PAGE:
“You can
call me Ry,” she said next. “And I’m sorry I nagged you earlier. But Rule 8 says, ‘Obedience is holy.’ So you see? Only by following the Rules will Sirmaya know which Sisters are good enough for her to Summon.”

  Serving Sisters are acolytes at the Convent. They serve the Sightwitch Sisters by helping to clean, cook, and garden.

  Summoned Sisters are acolytes who have been Summoned by Sirmaya to go into the mountain. For up to two days, a Sister is underground meeting the Goddess, but I don’t really know what that means.

  Sightwitch Sisters have the Sight, meaning they can look at something once and remember it forever. They also can use their knives (like the knife Sister Hilga gave me) to remove memories from corpses. And, when they pray together, the Sisters can see visions in the scrying pool at the observatory.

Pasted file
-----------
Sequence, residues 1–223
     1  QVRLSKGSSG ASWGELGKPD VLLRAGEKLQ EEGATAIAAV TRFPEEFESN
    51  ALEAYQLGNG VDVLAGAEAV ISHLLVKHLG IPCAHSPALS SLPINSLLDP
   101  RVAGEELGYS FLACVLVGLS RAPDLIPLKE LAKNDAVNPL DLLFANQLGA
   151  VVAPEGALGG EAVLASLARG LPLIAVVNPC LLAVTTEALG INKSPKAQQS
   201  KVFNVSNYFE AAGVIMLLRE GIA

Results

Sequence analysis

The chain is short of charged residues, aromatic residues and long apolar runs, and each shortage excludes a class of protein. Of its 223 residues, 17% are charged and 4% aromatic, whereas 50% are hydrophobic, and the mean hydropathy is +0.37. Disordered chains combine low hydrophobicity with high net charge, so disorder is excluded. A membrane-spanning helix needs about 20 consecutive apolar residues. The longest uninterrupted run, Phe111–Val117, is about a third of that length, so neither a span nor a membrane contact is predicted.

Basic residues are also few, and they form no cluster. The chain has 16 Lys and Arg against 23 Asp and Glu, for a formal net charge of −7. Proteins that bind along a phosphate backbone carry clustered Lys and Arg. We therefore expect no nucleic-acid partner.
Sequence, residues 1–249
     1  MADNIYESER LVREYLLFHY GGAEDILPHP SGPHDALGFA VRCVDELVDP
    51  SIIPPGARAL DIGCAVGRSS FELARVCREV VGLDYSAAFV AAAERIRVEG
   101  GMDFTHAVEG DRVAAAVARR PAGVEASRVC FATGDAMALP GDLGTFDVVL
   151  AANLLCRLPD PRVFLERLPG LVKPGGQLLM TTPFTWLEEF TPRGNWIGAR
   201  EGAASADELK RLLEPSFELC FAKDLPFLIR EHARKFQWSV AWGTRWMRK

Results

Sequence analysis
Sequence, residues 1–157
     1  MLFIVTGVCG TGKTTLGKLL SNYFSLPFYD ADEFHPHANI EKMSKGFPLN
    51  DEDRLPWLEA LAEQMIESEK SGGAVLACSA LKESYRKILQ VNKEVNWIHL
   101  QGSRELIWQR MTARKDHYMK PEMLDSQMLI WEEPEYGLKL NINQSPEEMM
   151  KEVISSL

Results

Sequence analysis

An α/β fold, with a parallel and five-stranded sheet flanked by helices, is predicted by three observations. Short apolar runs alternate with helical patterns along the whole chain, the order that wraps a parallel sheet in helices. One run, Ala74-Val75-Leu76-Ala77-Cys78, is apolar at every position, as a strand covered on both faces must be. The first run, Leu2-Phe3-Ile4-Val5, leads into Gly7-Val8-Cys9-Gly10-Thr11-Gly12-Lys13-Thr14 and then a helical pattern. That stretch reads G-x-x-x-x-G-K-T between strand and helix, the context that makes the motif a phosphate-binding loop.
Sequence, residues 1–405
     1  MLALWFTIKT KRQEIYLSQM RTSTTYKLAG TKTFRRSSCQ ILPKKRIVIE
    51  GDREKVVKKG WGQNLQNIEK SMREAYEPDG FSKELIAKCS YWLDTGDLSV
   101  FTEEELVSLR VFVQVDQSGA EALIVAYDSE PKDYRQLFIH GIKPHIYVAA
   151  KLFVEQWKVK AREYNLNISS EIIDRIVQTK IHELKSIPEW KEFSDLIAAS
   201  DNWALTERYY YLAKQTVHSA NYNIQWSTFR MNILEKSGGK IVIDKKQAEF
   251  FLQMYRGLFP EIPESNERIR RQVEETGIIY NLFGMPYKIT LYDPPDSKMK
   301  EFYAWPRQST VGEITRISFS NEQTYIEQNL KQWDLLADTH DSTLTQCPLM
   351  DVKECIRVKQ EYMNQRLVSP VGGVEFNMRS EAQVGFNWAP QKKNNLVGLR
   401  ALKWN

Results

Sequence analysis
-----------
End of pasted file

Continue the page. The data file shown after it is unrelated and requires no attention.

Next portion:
“Oh,” I said, thinking back to the massive list of Rules that Hilga had showed me earlier.

  There were a lot.

  Ry seemed to know what I was thinking because she laughed again and said, “Don’t worry. You have time to learn it all. I’ve been here for five years—since I was four years old!—and I’m still learning.”

  Then she smiled big, and I smiled back.

  “What about the Nine Star Puzzle?” I asked. “I haven’t figured that out yet.”

  “Me either! And I’ve been trying to solve since I got here.” She shrugged. “Sister Hilga says that it takes some Sisters their whole lives to find the answer.”

  I winced. “I hope it doesn’t take me my whole life.”

  “It won’t, Tanz. It won’t.” Ryber laughed after that, a bright sound that made me laugh too.

  I like how she called me “Tanz.”

  “Do you have other questions?” she asked while neatly turning down her half of the bed.

  I hesitated. I did have a question, but I did not want to be rude. My curiosity got the better of me in the end, though. “Why did Sister Lindou say I was lucky to share a room with you?”